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Top 10 Airline Travel Lessons and Myths

Here are the most common travel mistakes or myths among travelers.

  1. The last minute deals offer the best discounts

    This used to be true, but nowadays this truth fades away. You may get some good discounts booking your travel the last minute, but you have to be flexible on travel dates or travel destination because of availability and destination popularity. Never wait until the last minute when booking travel for holidays. This is the busiest travel time (including Fridays during summer months) when flights and hotels get booked the most.

  2. The more you pay, the better seat you’ll get on a plane

    Not quite true, unless you buy a business or first class ticket. You may pay $200 for a coach class ticket and sit next to a person who paid $1,500 for a ticket. All depends on availability, when you buy a ticket, and how restricted you want a ticket to be.

  3. Driver’s license is sufficient for travel

    This may be true only when traveling within the US (residents only) or European countries (residents only); a valid personal ID like a driver’s license might be sufficient. In other cases you always need a passport or an equivalent ID to travel outside the United States or other country you reside in and all over the world.
    Note, if traveling internationally, you may also need a visa or a tourist card. Contact a Consulate or an Embassy to check the travel requirements for a specific country or check Bureau of Consular Affairs web page .

  4. Book seats when you check-in at the airport

    Do not wait until the last minute to reserve your seats on the plane. Book your seats as much in advance as possible.  If your flight gets oversold and you do not have a confirmed seat number, you are most likely to be the first one to be bumped off the flight even if you have a ticket.  If you cannot get the seats you want at the time of booking your flight, take whatever seats are available, arrive early to the airport and ask an agent to change the seats.  You can also assign the seats yourself.
    Read more on Overbooking and Pre-assigned seats here.

  5. It is better to use frequent traveler miles or points than real money

    Not always. If you use miles or points for your trip, you would still need to spend some money and pay for airport taxes/ fees. If traveling within USA or within Europe, it is best to actually buy tickets for money as you’ll get much better deals.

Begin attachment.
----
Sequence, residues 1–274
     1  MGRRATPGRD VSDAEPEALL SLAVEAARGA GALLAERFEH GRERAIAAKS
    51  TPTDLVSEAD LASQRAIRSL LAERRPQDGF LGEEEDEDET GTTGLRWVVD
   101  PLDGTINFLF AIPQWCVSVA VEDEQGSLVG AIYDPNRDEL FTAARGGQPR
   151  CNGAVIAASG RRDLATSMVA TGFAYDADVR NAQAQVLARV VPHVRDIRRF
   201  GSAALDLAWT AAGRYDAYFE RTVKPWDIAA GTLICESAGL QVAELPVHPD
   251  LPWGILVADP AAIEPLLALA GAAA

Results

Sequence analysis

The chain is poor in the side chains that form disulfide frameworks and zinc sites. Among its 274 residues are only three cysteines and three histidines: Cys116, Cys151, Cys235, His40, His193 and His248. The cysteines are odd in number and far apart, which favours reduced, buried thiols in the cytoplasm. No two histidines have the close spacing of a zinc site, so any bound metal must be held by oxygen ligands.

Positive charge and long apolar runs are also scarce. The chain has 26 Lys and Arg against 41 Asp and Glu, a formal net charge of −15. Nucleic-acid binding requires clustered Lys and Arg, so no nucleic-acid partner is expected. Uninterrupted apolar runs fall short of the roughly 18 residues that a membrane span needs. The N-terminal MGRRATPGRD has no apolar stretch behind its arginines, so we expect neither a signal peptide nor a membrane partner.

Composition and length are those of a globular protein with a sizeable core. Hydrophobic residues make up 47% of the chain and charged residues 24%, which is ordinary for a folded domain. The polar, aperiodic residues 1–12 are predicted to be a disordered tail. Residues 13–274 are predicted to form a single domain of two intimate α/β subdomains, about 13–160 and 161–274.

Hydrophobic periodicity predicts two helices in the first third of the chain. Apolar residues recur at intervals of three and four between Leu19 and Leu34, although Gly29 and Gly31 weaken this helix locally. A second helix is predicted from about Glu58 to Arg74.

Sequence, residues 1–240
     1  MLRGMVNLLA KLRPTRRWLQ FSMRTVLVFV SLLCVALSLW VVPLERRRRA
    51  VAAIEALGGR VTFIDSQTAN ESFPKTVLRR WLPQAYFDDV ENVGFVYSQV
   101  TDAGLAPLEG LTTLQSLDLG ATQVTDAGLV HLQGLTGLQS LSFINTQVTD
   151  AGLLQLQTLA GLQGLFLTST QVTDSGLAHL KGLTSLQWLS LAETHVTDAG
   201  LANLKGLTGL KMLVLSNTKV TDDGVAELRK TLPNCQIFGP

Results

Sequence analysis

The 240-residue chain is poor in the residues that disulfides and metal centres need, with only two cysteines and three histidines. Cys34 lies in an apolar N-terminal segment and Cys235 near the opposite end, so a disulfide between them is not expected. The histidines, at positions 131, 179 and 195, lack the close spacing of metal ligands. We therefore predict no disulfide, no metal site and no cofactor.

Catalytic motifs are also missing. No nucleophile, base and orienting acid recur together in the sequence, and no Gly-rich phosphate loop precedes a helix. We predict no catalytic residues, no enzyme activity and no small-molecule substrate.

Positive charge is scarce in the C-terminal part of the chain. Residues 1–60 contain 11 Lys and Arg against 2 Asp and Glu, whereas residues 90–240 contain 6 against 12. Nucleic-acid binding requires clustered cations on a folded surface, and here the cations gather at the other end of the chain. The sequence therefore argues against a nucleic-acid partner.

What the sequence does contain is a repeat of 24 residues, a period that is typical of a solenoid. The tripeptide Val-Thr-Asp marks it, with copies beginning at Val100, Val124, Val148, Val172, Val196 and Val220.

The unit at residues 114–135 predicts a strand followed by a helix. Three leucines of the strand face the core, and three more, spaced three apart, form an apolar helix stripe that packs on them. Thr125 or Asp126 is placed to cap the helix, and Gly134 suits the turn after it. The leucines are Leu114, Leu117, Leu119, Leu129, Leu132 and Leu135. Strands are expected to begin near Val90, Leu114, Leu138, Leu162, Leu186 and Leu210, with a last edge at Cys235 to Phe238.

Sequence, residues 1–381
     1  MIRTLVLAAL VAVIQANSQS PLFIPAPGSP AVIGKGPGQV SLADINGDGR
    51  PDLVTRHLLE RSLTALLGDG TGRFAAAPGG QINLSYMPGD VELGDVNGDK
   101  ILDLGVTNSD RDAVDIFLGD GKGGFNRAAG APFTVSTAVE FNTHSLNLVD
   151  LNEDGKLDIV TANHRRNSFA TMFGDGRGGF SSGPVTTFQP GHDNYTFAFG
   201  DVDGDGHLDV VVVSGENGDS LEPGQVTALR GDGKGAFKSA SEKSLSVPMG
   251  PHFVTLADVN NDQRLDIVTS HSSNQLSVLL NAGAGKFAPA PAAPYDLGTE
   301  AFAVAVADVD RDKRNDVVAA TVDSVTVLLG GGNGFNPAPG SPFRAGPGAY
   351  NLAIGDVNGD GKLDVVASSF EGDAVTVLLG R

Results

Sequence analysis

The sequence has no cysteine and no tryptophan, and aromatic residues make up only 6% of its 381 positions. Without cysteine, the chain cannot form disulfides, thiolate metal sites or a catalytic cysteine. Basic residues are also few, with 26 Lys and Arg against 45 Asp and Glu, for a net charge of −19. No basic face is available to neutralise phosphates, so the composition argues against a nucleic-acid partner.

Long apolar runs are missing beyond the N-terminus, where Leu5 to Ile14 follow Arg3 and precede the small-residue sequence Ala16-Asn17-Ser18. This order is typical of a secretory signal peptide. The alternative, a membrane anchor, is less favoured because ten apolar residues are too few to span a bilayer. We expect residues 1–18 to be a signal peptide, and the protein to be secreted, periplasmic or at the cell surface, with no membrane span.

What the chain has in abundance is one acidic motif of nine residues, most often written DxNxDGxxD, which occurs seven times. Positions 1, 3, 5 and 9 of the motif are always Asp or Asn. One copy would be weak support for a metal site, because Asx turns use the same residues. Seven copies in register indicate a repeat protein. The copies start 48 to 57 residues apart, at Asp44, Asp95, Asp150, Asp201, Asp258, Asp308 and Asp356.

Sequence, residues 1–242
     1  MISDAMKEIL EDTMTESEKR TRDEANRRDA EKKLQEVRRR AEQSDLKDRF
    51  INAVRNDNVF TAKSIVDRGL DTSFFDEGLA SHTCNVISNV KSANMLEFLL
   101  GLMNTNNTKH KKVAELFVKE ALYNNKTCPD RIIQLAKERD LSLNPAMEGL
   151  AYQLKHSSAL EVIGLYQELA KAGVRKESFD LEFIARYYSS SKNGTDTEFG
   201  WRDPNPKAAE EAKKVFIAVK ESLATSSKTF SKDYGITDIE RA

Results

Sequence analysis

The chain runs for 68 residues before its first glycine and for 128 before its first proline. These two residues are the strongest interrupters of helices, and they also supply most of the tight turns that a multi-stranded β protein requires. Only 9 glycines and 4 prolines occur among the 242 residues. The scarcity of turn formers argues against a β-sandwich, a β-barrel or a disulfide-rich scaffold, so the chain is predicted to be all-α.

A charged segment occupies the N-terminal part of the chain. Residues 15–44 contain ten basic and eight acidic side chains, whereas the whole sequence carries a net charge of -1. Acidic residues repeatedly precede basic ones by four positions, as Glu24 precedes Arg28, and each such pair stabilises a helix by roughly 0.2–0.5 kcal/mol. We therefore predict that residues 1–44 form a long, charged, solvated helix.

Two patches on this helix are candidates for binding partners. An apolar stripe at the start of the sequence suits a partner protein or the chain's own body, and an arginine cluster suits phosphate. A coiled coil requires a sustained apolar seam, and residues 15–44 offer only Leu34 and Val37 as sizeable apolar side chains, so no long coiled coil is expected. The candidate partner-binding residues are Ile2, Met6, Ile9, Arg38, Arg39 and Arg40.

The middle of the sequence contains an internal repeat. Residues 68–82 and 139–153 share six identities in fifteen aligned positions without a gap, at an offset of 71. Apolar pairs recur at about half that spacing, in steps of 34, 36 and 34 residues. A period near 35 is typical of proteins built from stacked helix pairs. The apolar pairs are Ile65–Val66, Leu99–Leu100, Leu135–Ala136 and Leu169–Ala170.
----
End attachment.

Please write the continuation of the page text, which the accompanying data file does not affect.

In fact, you would probably need to spend $10,000- $20,000 on travel reward credit cards or take 10-20 flights in order to earn 25,000-30,000 miles to pay for your “free” ticket and twice as much for a transatlantic or transpacific flight. In addition, airlines have only few seats on the plane available to be used for miles or points. So, always do your research and see if it worth paying for you flight with real money or travel miles or points.

  6. Infants or children under 2 year of age travel free

    This is usually the case for the US domestic flights, but never on international flights. When traveling outside the US, in most cases, you will be asked to buy a ticket for an infant (child under 2 years) with no seat and pay 10% of the full adult’s fare plus airport taxes/fees or just airport taxes/ fees.
    Note, airlines allow only 2 infants per adult. If one adult travels with 2 infants, airlines may also require you to buy a seat for the 2nd infant; a child’s ticket under 12years old with a seat usually costs around 60-80% of the adult’s fare.

  7. Packages offer the best value

    It can definitely be more effective way of making your travel arrangements, but not always the cheapest option. The only way you can know if you get a good deal is if you know the cost of each travel component. This may come to you as a surprise, but when you see the breakdown of your travel cost, in most cases you will see higher prices.  It can be a little more work to book your travel separately, but you can save more money by searching for best deals separately on flights, hotels, car rentals, cruises, etc.

  8. Airline will contact me if there is a schedule change

    Some airlines used to do this if you provided a correct e-mail address or phone number.  But this is no longer the case.  Therefore, you should recheck your travel times if you book way in advance and always reconfirm your flight 24-48 hours before the departure. This way you will be aware of any changes to your flight schedule.

  9. Cancellation or Delay of the flight entitles you for compensation

    If flight delays are caused by “force majeure” conditions (e.g. weather, flooding, calamities) that are not caused by a human, you will not get any kind of compensation. An airline may offer some kind of compensation if the delay or cancellation is due to the airline’s fault (e.g. mechanical problems, overbooking, etc.).
    General rule is to always contact the airline for further instructions, especially if airport closure or delays are due to the weather conditions. Agents will assist you with rebooking and changing your flights.
    Read more on Overbooking and Compensation here.

  10. Airport duty-free shops always offer the best bargain

    This is a 100 year old myth. Duty-free shops make huge profits because of this misconception. Travelers think they are getting best deals at the duty-free shops, but the reality is that this is not always true. You may notice that some airports may have better deals like Hong Kong or New York, but you may pay quite a bit more for the goods if purchased at the duty-free shops in Moscow. So always do your homework and know the “real” cost of an item you want to purchase at the duty-free shops.

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